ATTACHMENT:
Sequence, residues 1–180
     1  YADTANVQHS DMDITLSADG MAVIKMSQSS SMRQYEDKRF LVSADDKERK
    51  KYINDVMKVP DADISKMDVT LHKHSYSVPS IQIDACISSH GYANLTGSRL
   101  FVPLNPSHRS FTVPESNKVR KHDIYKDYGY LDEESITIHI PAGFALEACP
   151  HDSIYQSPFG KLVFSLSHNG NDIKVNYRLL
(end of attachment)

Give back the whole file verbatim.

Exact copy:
Sequence, residues 1–180
     1  YADTANVQHS DMDITLSADG MAVIKMSQSS SMRQYEDKRF LVSADDKERK
    51  KYINDVMKVP DADISKMDVT LHKHSYSVPS IQIDACISSH GYANLTGSRL
   101  FVPLNPSHRS FTVPESNKVR KHDIYKDYGY LDEESITIHI PAGFALEACP
   151  HDSIYQSPFG KLVFSLSHNG NDIKVNYRLL